This new guide is full of beautiful photos, pithy advice, and interesting facts that will capture, but not tax, the attention of those enthusiasts whose enthusiasms stop at the garden gate.
As its title suggests, the book is divided almost equally into two sections, each comprising an introduction to the group of organisms under discussion, detailed pointers on how to observe and attract them, and species accounts (with portraits and range maps) for 15 hummingbirds and some three dozen butterflies. The authors' prose is simple and inviting, and many readers will be grateful for their pausing to define anything approaching a technical term, such as "ecology."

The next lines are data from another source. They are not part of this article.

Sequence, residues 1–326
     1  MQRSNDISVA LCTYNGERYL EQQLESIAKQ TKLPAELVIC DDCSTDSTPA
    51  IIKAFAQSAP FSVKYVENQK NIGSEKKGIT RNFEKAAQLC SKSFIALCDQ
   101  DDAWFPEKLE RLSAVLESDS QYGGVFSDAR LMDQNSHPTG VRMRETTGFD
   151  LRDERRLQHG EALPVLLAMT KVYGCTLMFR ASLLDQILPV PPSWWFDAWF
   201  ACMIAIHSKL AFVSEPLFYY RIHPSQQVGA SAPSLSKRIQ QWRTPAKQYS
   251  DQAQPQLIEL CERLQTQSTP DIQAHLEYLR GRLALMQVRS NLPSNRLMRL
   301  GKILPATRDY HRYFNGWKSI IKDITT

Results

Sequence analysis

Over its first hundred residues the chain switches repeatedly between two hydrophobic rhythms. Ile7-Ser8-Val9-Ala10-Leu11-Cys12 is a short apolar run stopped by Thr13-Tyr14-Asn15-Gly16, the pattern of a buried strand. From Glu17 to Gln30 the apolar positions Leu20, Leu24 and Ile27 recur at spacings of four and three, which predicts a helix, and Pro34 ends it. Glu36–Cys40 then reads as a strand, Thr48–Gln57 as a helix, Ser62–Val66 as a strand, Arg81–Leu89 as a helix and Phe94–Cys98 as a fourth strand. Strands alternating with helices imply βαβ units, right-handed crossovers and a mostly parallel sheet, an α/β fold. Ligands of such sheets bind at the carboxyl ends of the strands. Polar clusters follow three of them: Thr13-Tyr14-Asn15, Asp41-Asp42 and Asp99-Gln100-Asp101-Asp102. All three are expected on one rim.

Errors and infelicities are very few, but the bibliography's omission of Steve Howell's photographic guide is simply unfathomable.
While the book's hummingbird section is able to treat all of the US and Canada's common species, comprehensiveness is obviously out of reach for the butterflies. The solution is a happy one: the book introduced nine groups of "kindred" species, letting even tyros narrow the choices. The 35 or so common species accorded individual treatment all have large ranges, some nearly continent-wide, others widespread in the east or in the west.
Many birders and butterfliers who will keep this book on the windowsill or in the sunroom, sharing it--and the pleasure it brings--with their children and grandchildren. I can't think of a better way to spend a warm summer's afternoon.